The truth is that I’m starting to get worried about Palmer’s jump shot. It’s still early, but the late season slump that tanked his percentage last season appears to have rolled over to this year. If you take into account Nebraska’s closed scrimmage against Iowa State, its exhibition against Wayne State and its three regular season games so far, Palmer has shot 3-of-25 from 3.
Palmer’s teammates aren’t losing confidence in him any time soon, though.
“He’s going to stay aggressive,” Glynn Watson Jr. said. “That’s what he does; he’s a scorer so you know he’s going to stay aggressive. We’re going to tell him to keep taking his shots; eventually they’ll fall.”
Will they, though? If they don’t, it puts a ceiling on just how effective Palmer — and Nebraska’s offense as a result — can be. The 6-foot-6 senior can get to the rim at will, but as we saw at times last season, if defenses don’t respect his jumper at all it’s going to be a lot easier to stay in front of him and force him into tough shots.
However, Watson has picked up Palmer’s slack and has actually been the team’s best player so far this season. That is huge. Watson’s shot continues to fall as he is now 9-of-15 from 3 to start the season. While Palmer struggled early against the Pirates, Watson put the team on his back and scored 10 of the Huskers’ first 20 points.
What I liked even better than the scoring, however, is that once his shot started to cool off (he hit four of his first six shots, then only made one more on five attempts) he shifted from scoring himself to setting his teammates up, and he finished with eight assists, one off his career high of nine. Watson hasn't always been the best distributor, but if he can continue to feel out the game and find the right balance between scoring and passing that he found on Wednesday, Nebraska’s got a chance to be much improved on offense this season.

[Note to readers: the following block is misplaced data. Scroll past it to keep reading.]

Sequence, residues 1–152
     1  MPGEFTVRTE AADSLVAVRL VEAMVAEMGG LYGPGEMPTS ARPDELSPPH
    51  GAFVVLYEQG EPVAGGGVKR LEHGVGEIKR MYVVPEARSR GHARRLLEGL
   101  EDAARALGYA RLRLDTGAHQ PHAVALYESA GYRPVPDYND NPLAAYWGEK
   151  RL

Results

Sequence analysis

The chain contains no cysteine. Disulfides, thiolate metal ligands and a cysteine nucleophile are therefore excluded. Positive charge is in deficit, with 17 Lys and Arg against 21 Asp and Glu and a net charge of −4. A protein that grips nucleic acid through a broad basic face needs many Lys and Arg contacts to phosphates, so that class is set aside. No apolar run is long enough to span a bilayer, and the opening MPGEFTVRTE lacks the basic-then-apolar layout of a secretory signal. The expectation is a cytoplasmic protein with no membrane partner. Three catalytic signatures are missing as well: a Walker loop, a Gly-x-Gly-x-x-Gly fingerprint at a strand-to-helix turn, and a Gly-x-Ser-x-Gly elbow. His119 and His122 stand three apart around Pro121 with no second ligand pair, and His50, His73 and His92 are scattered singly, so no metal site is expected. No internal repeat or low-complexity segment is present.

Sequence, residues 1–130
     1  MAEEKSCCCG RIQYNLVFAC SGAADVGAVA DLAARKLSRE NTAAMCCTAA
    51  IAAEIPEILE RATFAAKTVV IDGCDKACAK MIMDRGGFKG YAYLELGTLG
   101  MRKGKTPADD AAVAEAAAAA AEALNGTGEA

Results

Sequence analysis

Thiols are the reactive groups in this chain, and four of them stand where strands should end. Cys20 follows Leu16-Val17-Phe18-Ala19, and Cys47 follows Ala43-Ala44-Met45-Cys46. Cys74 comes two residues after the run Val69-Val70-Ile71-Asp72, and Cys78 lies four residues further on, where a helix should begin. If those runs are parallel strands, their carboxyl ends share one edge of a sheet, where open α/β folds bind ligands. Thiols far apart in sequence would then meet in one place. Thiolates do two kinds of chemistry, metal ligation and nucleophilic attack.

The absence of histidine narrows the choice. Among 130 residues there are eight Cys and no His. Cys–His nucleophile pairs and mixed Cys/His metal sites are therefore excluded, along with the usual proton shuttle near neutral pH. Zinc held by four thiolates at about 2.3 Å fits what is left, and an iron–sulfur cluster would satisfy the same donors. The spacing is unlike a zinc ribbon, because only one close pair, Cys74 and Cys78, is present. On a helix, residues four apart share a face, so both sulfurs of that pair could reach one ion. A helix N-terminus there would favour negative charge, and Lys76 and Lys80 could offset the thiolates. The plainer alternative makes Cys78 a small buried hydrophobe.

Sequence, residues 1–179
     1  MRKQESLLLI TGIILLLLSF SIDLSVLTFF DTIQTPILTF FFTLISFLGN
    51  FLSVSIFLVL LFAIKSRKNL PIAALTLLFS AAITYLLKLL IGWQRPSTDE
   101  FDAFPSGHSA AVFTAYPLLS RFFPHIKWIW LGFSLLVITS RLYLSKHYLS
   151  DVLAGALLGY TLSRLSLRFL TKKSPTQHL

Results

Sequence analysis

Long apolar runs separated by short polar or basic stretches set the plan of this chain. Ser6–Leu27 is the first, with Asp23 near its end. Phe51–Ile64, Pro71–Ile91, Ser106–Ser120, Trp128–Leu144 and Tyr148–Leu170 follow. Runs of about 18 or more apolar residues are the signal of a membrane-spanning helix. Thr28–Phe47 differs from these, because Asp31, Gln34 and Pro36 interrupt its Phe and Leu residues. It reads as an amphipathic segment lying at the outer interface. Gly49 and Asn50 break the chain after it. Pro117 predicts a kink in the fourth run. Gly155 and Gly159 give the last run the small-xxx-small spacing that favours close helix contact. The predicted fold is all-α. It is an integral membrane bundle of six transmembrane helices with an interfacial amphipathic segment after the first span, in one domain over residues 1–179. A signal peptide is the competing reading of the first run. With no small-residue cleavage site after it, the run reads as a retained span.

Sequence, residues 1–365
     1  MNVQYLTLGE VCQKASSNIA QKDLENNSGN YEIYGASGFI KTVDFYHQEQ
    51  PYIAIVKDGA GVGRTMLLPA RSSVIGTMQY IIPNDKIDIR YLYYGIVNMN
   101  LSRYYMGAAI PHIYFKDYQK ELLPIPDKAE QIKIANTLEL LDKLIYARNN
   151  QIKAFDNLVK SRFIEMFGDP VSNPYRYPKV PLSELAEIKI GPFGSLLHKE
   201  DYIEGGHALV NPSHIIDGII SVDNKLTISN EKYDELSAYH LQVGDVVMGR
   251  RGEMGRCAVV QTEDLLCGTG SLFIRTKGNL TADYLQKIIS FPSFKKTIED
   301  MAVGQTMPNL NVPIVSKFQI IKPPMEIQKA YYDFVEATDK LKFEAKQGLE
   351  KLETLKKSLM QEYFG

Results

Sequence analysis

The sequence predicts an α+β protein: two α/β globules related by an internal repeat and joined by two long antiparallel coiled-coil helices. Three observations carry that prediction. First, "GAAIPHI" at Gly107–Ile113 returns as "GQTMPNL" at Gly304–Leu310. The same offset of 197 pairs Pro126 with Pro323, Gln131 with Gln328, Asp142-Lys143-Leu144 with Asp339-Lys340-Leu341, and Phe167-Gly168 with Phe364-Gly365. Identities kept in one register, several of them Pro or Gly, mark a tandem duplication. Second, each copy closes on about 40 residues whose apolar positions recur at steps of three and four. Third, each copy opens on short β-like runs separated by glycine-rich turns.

Finally, let’s talk about Isaiah Roby.
The 6-foot-8 junior entered this season with some serious hype after a breakout sophomore season. Some see him as one of the better NBA prospects in the Big Ten — for the 2019 Draft. Heck, scouts from the Brooklyn Nets, Dallas Mavericks, Indiana Pacers and Los Angeles Clippers were in attendance on Wednesday.
However, through three games, Roby hasn’t stood out all that much. He’s played 55 minutes this year and has taken 10 shots (that’s 10th on the team in shots per 40 minutes… behind walk-on Johnny Trueblood). Granted, he’s made seven of them, but he also has seven turnovers to seven assists in that time, which is 5.1 per 40 minutes, by far the most on the team. Roby has missed two shots inside the arc this season, and both happened in the Seton Hall game. Both were layups.
He’s only taken two 3s and made one through three games. The junior also spent most of the game on the bench as he picked up four fouls in 10 minutes.
The question marks about his game that Roby needed to answer coming into this season: foul trouble, offensive aggression, 3-point volume, turnovers. Small sample size alert, but none of those questions have been answered so far. Roby looks an awful lot like the guy we saw last season.
But then he does THIS and reminds everyone why he’s such an intriguing prospect.
— Jacob Padilla (@JacobPadilla_) November 15, 2018
Jacob is in his third year with Hail Varsity covering Husker athletics. He has also written extensively for SB Nation’s Bright Side of the Sun and The Creightonian. His love of basketball can best be described as an obsession and if you need to find him, he’s probably in a gym somewhere watching, coaching or playing hoops.